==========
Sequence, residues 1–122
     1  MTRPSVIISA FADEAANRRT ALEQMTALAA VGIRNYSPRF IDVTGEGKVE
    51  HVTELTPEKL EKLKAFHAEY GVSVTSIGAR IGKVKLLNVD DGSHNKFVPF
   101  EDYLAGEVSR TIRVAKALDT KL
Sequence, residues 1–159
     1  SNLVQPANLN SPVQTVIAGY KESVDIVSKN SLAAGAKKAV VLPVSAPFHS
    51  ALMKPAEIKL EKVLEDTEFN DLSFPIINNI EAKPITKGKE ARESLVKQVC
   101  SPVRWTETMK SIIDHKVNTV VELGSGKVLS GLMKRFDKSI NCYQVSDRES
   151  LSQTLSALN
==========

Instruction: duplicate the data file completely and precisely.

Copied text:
Sequence, residues 1–122
     1  MTRPSVIISA FADEAANRRT ALEQMTALAA VGIRNYSPRF IDVTGEGKVE
    51  HVTELTPEKL EKLKAFHAEY GVSVTSIGAR IGKVKLLNVD DGSHNKFVPF
   101  EDYLAGEVSR TIRVAKALDT KL
Sequence, residues 1–159
     1  SNLVQPANLN SPVQTVIAGY KESVDIVSKN SLAAGAKKAV VLPVSAPFHS
    51  ALMKPAEIKL EKVLEDTEFN DLSFPIINNI EAKPITKGKE ARESLVKQVC
   101  SPVRWTETMK SIIDHKVNTV VELGSGKVLS GLMKRFDKSI NCYQVSDRES
   151  LSQTLSALN